Honeybee up the Creek

Paddling the Powhatan Creek on a fall day I floated near the saltmarsh at low tide. The mud heaved with armored creatures that I alarmed, hauling themselves on ten legs to run into the reeds with a giant claw like a fiddle under an arm. The abundance of nature is still gob-smacking. If the scene is magnified in the imagination, Michael Crichton could have written the story Brachurid Park.

Sandy Bay, Powhatan Creek, looking toward Jamestown Island

Close to the bank, dozens of small fishes leapt out of the water for a second, as if checking for the long, pointed beak of a fisherman up to his knees. And then my bow suddenly lifted and slammed down as a huge snapping turtle disturbed on the creek bed made off with as much panic as it left me steadying my kayak.

But none of those sights were as indelible as the tiny spinning whirlpool in a patch of still water. Paddling to see if the insect caught in a meniscus would be gobbled by a fish I found a drowning honeybee.

For nearly a quarter hour I watched and tried to rescue it on the blade of my paddle, but it always slipped off in the wash. Eventually it caught and I knocked it onto my prow to study it. Golden-yellow, the bee wasn’t from my Russian colony four miles away. Over several minutes it scrubbed its head and body and dried in the afternoon sunshine. Then it flew off, with my blessing. The boy scout of years ago rose inside: it was my good deed for the day.

I can’t help reflecting that I am the stranger of the two, and perhaps of all species. Every day I am responsible for the death of living creatures by eating, driving, gardening, etc., and when not in the deed I am complicit through others. And yet, I now take more care of my choices as a consumer and try to avoid harming animals met as individuals, like the mouse in our house and the worm exposed by my garden fork, but if I try to be Franciscan, revering all nature, I soon fail. I am guilty of deliberately stepping on a giant cockroach today.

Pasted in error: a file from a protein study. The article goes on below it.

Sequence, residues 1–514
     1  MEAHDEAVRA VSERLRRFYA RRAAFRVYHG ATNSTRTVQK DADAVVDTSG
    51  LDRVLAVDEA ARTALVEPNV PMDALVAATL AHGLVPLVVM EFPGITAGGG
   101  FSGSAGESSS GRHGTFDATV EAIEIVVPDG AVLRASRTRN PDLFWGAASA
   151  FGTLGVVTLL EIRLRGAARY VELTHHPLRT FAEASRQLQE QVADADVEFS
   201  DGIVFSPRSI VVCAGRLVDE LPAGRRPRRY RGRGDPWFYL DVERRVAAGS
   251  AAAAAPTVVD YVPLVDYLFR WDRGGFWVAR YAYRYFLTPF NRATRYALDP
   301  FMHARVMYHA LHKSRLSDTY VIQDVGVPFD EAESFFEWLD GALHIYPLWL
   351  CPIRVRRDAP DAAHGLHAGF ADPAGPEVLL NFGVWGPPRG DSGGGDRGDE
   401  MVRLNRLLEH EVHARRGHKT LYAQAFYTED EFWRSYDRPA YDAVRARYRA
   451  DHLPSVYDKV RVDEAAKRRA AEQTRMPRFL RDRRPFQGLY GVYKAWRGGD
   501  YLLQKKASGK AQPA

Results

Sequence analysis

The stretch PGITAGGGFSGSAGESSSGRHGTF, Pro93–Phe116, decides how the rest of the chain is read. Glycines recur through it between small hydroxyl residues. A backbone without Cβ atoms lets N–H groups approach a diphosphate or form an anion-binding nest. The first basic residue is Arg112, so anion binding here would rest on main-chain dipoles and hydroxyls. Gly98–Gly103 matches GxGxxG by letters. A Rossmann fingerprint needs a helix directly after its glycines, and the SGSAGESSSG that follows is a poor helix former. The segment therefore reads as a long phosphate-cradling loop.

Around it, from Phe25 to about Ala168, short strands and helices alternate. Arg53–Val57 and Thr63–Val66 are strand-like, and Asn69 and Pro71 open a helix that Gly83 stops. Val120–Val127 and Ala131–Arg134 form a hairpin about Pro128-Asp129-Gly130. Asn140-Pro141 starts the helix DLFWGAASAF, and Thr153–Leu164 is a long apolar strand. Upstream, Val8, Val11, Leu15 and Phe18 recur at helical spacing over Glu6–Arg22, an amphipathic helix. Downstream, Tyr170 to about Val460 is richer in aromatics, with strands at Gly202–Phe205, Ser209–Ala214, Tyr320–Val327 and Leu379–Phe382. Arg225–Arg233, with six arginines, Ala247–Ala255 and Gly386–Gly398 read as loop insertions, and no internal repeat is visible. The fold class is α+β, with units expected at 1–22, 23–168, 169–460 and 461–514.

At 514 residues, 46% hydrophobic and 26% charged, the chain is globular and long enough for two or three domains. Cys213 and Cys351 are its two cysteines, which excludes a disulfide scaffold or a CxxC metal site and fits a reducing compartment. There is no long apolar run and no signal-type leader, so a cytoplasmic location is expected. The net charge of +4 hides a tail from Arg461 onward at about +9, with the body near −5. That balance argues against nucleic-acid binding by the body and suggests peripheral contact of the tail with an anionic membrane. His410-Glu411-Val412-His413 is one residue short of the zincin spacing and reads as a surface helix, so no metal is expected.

About Roger Gosden

British-born scientist specializing in reproduction & embryology. Career as professor & research director spanned from Cambridge to Cornell's Weill Medical College in NYC. Married to Lucinda Veeck Gosden, embryologist for the first successful IVF team in America. Retired early to Williamsburg, Virginia, to write and recover from 'nature deficit disorder'. Currently a visiting scholar at William & Mary. https://en.wikipedia.org/wiki/Roger_Gosden
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3 Responses to Honeybee up the Creek

  1. Hearts Ease Landscape & Garden Design says:

    Loved this, Roger…I agonize over the same ironies.

    What is the best cell to reach you if I find myself near you at the last minute with some time on my hands to see your yard? I have been trying to get out all summer. I am trying to slow down and failing miserably!

    > Peggy Krapf 757-566-9088 > VSLD Certified Landscape Designer > Heart’s Ease Landscape & Garden Design > http://www.HeartsEaseLandscape.com > http://www.facebook.com/HeartsEaseLandscape

    >

    • Roger Gosden says:

      Peggy. Thanks. Would love to show you the yard even though it’s fading now. Sorry I can’t give you my phone # here because it then becomes public. Hope to see you nevertheless

  2. Jenny says:

    I too am guilty of squashing the little cockroaches and flies that get inside the house in summer, though catch spiders and beetles and export them to the garden.
    I give a jar-lid of water to the tiny skinks that seek out respite from the summer heat in our kitchen cupboards, and I rescue bees and beetles from swimming pools whenever I see them, it is satisfying to see them dry off and fly off! We also have an orphaned possum that was sheltering on a ledge on our house’s stone wall now living in a coconut fibre-lined hanging basket outside the kitchen window.
    On the other hand, mosquitoes definitely deserve not to live and if there is such a thing as Karma I hope I don’t come back as one…

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